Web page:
‘Being punished’ and held ‘hostage’: Furloughed federal workers pan Trump’s Oval Office speech

‘Being punished’ and held ‘hostage’: Furloughed federal workers pan Trump’s Oval Office speech

On Tuesday evening, January 8, President Donald Trump gave a ten-minute Oval Office speech designed to convince Americans that a massive invasion of violent criminals, gang members, terrorists and drug traffickers is coming into the United States via the U.S./Mexico border. Trump’s critics have been denouncing the speech as full of distortions and false information, often noting that his partial shutdown of the federal government is bringing considerable hardship to furloughed workers. And when CBS News asked some of those workers for their reactions to Trump’s speech, their frustration was obvious.

Leisyka Parrott, a furloughed employee of the Bureau of Land Management, was highly critical of the president.

“I just don’t feel that he has to hold the country hostage,” Parrott told CBS News. “I don’t buy it—that that has to happen, that he has to hold the country hostage to get this at my expense. At all of our expenses. It’s all the single moms that are struggling and going, ‘Oh my God, what am I going to do?’”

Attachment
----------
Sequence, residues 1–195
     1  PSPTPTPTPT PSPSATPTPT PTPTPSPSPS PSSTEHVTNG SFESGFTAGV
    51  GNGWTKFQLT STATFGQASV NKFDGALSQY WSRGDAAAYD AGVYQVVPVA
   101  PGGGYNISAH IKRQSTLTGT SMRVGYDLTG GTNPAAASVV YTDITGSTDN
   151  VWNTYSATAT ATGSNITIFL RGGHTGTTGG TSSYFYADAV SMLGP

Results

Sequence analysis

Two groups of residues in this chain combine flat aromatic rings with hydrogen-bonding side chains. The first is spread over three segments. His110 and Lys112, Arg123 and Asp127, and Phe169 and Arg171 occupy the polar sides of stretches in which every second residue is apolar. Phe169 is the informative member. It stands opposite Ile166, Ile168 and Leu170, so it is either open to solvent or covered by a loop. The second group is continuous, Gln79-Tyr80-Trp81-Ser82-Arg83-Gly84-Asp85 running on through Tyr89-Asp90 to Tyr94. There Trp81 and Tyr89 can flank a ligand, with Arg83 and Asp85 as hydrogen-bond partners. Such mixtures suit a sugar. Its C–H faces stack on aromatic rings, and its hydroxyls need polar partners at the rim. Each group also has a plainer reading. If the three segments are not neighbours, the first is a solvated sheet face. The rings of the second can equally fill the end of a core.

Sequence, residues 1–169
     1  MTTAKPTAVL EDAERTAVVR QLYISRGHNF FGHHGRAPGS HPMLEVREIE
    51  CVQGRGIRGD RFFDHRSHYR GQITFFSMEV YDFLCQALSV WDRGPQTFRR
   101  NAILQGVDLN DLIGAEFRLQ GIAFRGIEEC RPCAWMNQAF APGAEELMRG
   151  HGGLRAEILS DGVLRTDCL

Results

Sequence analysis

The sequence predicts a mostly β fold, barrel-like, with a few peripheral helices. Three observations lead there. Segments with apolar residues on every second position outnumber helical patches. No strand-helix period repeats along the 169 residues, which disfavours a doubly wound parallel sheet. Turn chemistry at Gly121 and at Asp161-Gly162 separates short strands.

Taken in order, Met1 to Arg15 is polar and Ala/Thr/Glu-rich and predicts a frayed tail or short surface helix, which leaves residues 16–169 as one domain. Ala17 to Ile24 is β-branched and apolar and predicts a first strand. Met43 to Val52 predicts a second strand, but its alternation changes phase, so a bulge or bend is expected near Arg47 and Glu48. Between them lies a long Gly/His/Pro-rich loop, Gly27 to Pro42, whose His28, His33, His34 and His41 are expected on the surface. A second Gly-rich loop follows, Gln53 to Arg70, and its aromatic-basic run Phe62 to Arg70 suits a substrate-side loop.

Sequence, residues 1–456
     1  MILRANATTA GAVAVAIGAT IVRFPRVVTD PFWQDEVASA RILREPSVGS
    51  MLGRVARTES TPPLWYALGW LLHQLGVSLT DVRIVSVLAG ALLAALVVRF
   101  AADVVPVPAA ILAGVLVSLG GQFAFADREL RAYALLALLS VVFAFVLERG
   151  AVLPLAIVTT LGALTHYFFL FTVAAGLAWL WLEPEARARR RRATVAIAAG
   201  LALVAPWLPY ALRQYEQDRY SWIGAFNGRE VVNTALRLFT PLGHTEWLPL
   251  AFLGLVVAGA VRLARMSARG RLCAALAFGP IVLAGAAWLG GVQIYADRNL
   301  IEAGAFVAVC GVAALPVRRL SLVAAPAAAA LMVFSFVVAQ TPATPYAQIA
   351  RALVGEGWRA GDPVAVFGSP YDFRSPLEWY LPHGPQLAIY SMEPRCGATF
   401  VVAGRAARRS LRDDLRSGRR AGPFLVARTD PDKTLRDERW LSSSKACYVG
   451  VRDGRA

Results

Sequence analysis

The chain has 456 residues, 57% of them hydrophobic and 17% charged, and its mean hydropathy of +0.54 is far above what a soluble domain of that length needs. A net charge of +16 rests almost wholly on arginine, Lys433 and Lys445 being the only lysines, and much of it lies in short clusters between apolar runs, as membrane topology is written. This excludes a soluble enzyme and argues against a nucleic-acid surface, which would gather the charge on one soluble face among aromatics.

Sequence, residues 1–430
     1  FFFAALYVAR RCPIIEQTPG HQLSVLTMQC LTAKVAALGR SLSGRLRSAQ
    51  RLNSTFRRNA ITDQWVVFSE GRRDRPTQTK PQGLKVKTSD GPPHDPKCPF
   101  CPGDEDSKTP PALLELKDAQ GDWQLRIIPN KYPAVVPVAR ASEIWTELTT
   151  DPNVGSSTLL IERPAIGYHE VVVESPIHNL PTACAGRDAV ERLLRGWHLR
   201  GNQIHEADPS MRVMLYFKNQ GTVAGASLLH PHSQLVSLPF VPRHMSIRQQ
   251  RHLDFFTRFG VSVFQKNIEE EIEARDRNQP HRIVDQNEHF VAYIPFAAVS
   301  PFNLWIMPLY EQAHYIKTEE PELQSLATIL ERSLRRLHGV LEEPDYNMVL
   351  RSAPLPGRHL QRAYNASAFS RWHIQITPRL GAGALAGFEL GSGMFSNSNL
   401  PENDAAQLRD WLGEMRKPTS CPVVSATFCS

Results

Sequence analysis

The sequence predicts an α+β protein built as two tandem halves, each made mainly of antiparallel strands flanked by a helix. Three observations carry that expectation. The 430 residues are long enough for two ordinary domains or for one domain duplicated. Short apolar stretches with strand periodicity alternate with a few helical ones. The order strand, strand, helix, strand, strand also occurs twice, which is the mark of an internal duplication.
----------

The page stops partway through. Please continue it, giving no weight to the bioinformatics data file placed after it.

When Parrott (a single mother who only had $800 left) watched the speech, she was hoping that Trump would give some indication when she will have a paycheck again—and she was bitterly disappointed.

“Yeah, I was hoping, I was like, ‘Oh, they’re going to put us back to work tomorrow,’” Parrott asserted. “That’s what I was hoping to hear, to be honest. I mean, maybe I’m living in a dream world, but it seems even more polarized than I could have imagined.”

Julie Clark, a furloughed park ranger in Northern California, is worried about defaulting on her student loans. Since the shutdown, her only source of income has been a side business cleaning windows—and she feels like she is “being punished” for something that isn’t her fault.

Clark told CBS News, “We all have to make compromises with each other throughout our daily lives—with our boss, our partner. It seems like government should be a great example of that, and they just don’t seem to come together right now.”

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